Tasha The Amazon has been making noise for a few years now, first popping up in Toronto with her debut tape FiDiYootDem in 2013. Tasha drew attention for being one of Toronto's first contemporary female rappers with the ability to both lay down bars and keep up with the onslaught of male rappers dropping their own struggle-artist projects.
Today, Tasha finds herself riding a wave of hype after her breakout single, "Picasso Leaning," helped launch her into contention for the Juno's Rap Recording Artist of the Year (which, as mentioned above, ended up going to Mr. Cartier). That song was off her most recent project, Die Every Day, which saw the rapper get hundreds of thousands of listens online and some solid looks from both Canadian and US audiences. | LISTEN
Just adjacent of Kensington is Chinatown, also known as "Old Chinatown." A major hub of Chinese businesses and communities, the last couple decades have seen the sector go through regular growing pains as the aging population continues to shrink while their descendants moved out of the neighbourhood. Still, the area is a place of beauty with major shopping centres such as Dragon City and Chinatown Centre, and bustling restaurants where you can find students from nearby schools like University of Toronto and OCAD University.
Nestled within Chinatown's confines is PLAZA: a moody and mystifying singer who has been able to generate an eyebrow-raising number of listens on Soundcloud and Spotify since the release of ONE, his first project, in early 2016.
PLAZA has no known collaborators, and he has not publicly revealed his face. His only official partner is his producer, CAMP 30, who similarly has kept a low profile. It's a formula many have taken to after The Weeknd's initial mysterious introduction that has had varying degrees of success in Toronto's condensed music scene. However, his refusal to reveal himself underlies his true intention which is to focus solely and only on the music. | LISTEN
Similar to PLAZA's approach to mystery, Julian Thomas, is also a bit of a shadowy figure about whom very little is known. A reserved and moody singer, Thomas is an associate of Black Sheep Nirvana founder and resident shit-disturber Sean Leon—the two have apparently known each other for years. Thomas only recently began releasing his dripping-in-emotion ballads during the past 12 months. He lives downtown, but Noisey was asked to not disclose exactly where, so we'll honour that request. | LISTEN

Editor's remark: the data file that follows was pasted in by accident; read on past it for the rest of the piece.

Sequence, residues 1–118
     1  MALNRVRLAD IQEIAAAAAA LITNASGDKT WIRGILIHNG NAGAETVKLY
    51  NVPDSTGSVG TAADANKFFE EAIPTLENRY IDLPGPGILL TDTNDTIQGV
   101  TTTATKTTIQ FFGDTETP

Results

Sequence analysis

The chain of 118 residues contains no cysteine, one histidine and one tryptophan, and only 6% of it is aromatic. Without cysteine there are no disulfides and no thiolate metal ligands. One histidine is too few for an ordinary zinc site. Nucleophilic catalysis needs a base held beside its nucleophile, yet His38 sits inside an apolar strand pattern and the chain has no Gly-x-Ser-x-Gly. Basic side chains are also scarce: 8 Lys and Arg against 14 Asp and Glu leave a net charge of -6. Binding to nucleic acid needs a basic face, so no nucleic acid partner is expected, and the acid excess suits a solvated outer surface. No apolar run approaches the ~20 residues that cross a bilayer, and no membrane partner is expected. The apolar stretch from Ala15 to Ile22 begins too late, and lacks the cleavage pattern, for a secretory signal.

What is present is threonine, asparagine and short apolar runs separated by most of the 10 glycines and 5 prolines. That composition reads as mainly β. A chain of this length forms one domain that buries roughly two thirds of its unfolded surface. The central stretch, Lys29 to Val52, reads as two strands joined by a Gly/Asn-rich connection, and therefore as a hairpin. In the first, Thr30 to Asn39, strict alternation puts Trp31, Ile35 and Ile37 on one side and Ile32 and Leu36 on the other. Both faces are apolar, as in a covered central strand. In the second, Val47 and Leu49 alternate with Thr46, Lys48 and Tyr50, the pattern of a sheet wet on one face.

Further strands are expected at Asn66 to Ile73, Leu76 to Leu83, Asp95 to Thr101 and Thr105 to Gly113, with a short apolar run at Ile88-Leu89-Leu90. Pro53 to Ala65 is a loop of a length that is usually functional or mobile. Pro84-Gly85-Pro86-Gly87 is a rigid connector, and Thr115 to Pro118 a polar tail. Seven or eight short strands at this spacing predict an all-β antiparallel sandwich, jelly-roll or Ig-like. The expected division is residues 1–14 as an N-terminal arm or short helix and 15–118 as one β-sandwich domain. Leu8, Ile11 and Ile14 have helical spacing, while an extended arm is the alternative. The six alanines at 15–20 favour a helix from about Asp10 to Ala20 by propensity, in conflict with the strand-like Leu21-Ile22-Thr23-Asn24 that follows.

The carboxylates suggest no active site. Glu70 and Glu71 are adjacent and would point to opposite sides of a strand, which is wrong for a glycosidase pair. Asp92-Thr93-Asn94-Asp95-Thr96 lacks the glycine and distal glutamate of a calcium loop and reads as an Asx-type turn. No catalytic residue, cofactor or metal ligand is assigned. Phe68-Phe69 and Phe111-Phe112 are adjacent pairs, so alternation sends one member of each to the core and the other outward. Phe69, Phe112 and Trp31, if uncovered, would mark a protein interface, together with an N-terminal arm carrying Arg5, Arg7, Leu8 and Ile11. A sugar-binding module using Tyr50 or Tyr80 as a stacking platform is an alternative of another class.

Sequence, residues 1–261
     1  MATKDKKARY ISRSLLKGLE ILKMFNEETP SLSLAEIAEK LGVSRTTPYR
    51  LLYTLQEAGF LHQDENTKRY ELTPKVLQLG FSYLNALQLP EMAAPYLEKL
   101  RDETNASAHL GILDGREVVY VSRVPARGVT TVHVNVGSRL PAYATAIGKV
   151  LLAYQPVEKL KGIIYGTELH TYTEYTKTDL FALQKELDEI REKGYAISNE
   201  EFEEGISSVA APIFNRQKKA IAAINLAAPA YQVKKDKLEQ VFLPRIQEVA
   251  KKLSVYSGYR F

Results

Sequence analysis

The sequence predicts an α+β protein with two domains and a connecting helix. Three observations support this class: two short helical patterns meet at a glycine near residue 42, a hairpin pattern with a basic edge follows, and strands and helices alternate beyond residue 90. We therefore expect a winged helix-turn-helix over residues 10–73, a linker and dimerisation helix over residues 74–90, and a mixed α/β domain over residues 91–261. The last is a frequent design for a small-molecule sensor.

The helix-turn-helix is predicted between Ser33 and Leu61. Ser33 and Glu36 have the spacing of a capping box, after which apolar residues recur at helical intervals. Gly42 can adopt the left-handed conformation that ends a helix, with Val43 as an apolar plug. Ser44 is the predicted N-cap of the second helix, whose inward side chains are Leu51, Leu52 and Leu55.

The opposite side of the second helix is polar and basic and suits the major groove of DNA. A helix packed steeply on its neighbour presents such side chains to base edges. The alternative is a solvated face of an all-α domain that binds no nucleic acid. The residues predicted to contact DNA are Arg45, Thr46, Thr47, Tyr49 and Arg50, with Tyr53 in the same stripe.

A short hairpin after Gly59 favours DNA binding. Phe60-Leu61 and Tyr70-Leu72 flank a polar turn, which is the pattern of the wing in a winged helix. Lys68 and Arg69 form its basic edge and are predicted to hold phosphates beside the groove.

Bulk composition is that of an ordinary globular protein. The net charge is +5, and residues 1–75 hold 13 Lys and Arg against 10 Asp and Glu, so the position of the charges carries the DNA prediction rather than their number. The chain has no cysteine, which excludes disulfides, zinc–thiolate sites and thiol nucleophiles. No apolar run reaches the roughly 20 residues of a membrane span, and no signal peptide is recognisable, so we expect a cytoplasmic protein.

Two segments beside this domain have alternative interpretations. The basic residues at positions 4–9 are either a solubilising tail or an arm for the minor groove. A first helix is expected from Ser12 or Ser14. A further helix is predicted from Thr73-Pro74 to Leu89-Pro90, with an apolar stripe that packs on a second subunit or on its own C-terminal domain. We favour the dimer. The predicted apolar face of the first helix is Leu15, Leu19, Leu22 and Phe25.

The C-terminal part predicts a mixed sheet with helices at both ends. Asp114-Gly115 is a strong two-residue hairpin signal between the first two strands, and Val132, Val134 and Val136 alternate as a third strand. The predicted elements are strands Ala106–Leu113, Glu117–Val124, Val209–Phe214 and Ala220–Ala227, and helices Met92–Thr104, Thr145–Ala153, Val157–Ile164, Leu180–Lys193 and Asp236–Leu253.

Working in a lane that's much more left-field from Thomas and PLAZA is Kris. Hailing from Barbados, the 23-year-old rapper went dark on SoundCloud after dropping her grime-style, Lil' Kim-infused tape, DON'T FEED THE ANIMALS, in mid-2015. The tape, produced by Toronto's LE7TY, and mixed by Roy Woods' engineer/brother in arms Sunny Diamonds, was a bit of an unexpected hit in the local scene.
Of course, this would all be a sad note to leave it on if she wasn't working on new music. She is and it's coming soon. | LISTEN
For a while, Tripsixx was one of the most underrated rappers on this list. His late 2015 tape, We Own The Night, is fucking wild and really didn't get as much attention as some of the city's bigger offerings that year. Thankfully, His closeness with OVO/UTU artist Roy Woods has helped the rapper gain some serious visibility recently (his newest track, Casino, skyrocketed to over 300k listens on Soundcloud after just a few days of Roy Woods retweeting it).
Aside from friendship, the duo has dropped two multi-million-listen tracks together (Y-3 and Goosebumps) over the last two years, and—if their cryptic tweeting can be taken into account—are likely deep into work on new music together. | LISTEN
Just a short drive east from the large shopping centres and consumers that traverse the core of Toronto is the infamous Regent Park neighborhood, birthplace of the socially-minded collective Point Blank. It was established in the 1940s as Toronto's largest public housing complex, but after years of neglect, the residences and streets fell into decay and disrepair. The city's government take on how to solve this would be to introduce the Regent Park Revitalization Plan, which began with the hope of rebuilding existing structures, providing better access for recreational art programs for youth, and altogether lessening the socio-economic gap that existed between the area and the rest of downtown
What happened though, was that a new area meant new homes that came at a higher price. In effect, pushing out older majority immigrant families and forcing many to relocate and other still homeless. The people of the community who remain in its confines are routinely treated as criminals, only proving the city's age-old neglect of Regent Park.
Even so, the area is still anchored by a sense of community that's sewn between the diasporas from the Caribbean, Somalia and Ethiopia, Bengalis, and Afghans that inhabit Regent. An example of the ingenuity and brotherhood of Regent Park's youth is Halal Gang (halal meaning "lawful" in Arabic), a nickname given to and by this group of all black, all Muslim artists.
Consisting primarily of three artists: SAFE, Smoke Dawg, and Puffy Lz—whose backgrounds are respectively Eritrean, Trinidadian-Jamaican, and Somali—they rose to attention two years ago with the now coming-of-age Toronto anthem "Still" that indoctrinated the "Ginobli Dance" into a viral phenomenon in tandem with the downtempo Sade-sampled "Feel."